Singapore Police (I)
November 2010 issue，Hi Art
In 2004 and 2005, Singapore Tyler Print Research Institute asked me to create some works on ink-and-wash paintings, for which I lived there for about 4 months successively. With perfect large-scale arts facilities and institutions, Singapore has held Art Biennale and exhibitions second to none in Asia. Local people love and enjoy arts so much that even common snack bars and newsstands sell posters of works done by famous artists such as Jeff Koons and Chuck Cruise in addition to Time, Newsweek, New York Times, South China Morning Post and the local United Morning Post. Also known as Singapore Tyler Print Institute (STPI), Singapore Tyler Print Research Institute was established 9 years ago by moving completely the Tyler Studio in New York to Singapore with funds offered by Singapore government and local public. During the four months I worked here, senior officials and civil personages visited my studio in STPI from time to time for exchanging ideas. Liu Taige （Liu Thai Ker）, who has been entitled “Father of World City Planning”, Chairman of Singapore Arts Council, visited me twice asking after my needs. Tharman Shanmugaratnam, Minister of Education, also enquired me about how to carry out and improve arts education in Singapore. Although I had not been a teacher before and did not know how to make prints even after entering the studio, they still listened to my groundless words with patience and humility, and left their emails to me for further communication in future. What Singapore government hopes is to become one of the centers, like Japan, producing prints in Asia and even the world, with such a slogan, “New Asia-Singapore”.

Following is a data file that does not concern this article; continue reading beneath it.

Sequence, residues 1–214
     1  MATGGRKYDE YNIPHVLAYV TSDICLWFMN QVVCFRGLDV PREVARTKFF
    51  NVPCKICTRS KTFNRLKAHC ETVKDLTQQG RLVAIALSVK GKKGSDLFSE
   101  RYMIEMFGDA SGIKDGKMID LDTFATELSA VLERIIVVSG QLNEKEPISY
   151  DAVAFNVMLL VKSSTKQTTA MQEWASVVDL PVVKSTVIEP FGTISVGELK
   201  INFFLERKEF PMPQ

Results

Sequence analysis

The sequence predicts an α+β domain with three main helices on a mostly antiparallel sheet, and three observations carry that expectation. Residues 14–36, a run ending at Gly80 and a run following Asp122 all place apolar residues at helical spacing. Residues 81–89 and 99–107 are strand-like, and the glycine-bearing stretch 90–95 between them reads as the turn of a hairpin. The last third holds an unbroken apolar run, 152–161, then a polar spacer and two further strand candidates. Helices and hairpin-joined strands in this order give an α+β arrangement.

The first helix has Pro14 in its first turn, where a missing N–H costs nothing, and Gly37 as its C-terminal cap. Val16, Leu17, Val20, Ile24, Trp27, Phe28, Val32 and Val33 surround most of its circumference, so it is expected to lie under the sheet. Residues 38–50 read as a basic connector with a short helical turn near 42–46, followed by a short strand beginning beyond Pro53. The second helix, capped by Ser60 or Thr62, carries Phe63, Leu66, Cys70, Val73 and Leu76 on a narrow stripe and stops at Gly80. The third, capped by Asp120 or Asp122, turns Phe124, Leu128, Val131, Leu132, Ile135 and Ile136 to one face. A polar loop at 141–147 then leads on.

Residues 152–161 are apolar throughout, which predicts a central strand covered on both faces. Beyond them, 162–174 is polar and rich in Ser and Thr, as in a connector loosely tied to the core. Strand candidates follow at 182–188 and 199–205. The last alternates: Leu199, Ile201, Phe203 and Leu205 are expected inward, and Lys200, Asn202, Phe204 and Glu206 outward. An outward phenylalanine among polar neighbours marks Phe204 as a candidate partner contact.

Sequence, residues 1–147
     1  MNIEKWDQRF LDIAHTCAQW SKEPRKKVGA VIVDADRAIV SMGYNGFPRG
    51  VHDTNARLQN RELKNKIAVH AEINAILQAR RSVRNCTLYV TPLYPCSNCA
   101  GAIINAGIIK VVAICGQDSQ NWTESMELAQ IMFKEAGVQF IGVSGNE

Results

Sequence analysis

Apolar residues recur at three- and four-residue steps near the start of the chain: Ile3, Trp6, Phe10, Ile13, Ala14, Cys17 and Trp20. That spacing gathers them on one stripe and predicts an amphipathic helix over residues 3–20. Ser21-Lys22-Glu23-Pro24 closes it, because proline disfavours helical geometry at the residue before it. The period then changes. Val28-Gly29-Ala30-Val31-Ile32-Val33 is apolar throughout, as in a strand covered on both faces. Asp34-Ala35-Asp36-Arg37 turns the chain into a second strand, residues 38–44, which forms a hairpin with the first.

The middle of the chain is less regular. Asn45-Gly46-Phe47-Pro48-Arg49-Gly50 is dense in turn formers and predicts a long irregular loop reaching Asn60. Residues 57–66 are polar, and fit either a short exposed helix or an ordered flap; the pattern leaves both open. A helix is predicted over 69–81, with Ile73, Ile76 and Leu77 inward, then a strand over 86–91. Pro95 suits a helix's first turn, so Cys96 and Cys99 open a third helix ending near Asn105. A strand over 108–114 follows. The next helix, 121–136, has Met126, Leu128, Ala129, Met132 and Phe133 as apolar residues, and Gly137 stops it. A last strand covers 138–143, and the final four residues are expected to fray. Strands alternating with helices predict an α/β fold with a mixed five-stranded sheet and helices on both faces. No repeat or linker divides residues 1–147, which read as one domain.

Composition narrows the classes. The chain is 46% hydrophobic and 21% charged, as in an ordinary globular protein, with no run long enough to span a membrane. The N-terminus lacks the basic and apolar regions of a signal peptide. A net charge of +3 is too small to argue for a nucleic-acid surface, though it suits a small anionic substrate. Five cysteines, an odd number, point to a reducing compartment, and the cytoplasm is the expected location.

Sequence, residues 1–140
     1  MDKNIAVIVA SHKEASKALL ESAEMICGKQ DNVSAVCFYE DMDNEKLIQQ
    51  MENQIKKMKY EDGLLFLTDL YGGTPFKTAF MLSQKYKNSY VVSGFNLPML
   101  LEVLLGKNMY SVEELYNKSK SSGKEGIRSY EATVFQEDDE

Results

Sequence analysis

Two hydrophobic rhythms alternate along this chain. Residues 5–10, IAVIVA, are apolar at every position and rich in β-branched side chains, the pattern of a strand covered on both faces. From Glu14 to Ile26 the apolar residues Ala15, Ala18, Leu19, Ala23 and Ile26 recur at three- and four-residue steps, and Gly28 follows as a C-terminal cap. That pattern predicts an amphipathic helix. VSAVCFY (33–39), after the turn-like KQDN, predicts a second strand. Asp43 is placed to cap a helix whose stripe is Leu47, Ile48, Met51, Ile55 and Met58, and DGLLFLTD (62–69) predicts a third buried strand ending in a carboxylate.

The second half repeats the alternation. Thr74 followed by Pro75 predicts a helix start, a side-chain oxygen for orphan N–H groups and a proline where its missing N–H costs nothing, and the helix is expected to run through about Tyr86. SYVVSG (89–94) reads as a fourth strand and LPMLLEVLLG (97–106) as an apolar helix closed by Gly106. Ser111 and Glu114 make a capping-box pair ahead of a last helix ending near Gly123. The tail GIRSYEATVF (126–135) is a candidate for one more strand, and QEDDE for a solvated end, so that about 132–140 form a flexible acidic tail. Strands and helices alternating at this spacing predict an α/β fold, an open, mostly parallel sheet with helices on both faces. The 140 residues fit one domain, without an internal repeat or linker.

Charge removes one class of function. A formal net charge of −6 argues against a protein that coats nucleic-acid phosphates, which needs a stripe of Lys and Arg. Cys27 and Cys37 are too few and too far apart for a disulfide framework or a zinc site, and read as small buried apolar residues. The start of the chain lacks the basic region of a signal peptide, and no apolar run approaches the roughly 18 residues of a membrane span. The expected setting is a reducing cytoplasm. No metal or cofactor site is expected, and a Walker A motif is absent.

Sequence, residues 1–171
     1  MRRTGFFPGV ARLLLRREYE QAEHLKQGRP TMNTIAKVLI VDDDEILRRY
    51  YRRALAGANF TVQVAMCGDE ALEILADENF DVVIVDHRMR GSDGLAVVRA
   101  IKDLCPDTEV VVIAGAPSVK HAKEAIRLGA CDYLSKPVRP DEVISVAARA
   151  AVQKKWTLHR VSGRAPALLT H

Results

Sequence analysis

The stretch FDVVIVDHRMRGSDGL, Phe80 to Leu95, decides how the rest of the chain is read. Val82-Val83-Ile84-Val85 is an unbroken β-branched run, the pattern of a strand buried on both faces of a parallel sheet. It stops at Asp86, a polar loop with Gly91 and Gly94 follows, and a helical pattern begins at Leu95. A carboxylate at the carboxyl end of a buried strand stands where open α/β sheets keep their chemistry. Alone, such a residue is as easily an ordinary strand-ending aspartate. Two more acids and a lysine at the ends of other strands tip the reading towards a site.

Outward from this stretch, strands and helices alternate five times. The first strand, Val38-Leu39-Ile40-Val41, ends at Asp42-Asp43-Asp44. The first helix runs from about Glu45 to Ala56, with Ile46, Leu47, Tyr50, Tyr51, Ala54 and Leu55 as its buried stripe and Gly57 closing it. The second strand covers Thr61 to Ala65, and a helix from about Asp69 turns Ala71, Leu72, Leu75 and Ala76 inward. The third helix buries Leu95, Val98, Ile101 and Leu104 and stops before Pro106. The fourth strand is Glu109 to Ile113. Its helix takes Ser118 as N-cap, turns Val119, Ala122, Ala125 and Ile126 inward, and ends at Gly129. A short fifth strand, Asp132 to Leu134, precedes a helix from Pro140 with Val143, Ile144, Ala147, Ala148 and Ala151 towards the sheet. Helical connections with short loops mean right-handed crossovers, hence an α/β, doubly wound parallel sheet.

In this beautiful country of gardens, people are kind, reserved, serious, working hard, civilized, and friendly, which do not mean a lack of ambition and personality. When attending the exit formalities at Changi Airport with luggage, one will see counters in a row, and each policeman’s seat is equipped with a long mirror put horizontally regardless of police rank. At first I thought that people in this beautiful country pursued beauty so enthusiastically that even policemen kept looking into the mirror during working time. Then people told me that they are required by the government to keep smile on the face and treat travelers with politeness, which is reminded by using the mirror all the time.
One can seldom see a policeman on the street of Singapore. People say that police here are invisible and untraceable: although few police can be seen there, they will come as soon as possible when accidents happen, as if they appear from nowhere.
Tyler Print Institute, where I worked, is located at Clarke Quay by Singapore River, next to a bar street like Sanlitun Area in Beijing. However, no noise could be heard even at night, at least not heard by me. The Institute has three stories. With individual kitchens and cleaning service, the top floor, which is wide, is used as habitations for artists, similar to an apartment hotel. Well designed, spacious and bright, the middle floor is used as studios for visiting artists. My studio in Baiziwan was decorated imitating those in STPI. The ground floor has a workshop of producing prints and a special paper mill where excellent print-making and papermaking technicians from at least 5 countries are working. The Institute has perfect security facilities: there is a combination lock at the ground floor and the artists’ studios on the second floor respectively. Those two locks have different codes which are changed frequently. Once I wanted to work in the studio in the evening, and then I pressed incorrect codes by accident. When I was pondering what the changed codes they had notified me in the day were, two policemen in uniform, who were fully equipped, appeared suddenly. (To be continued)
Sunday, October 17th, 2010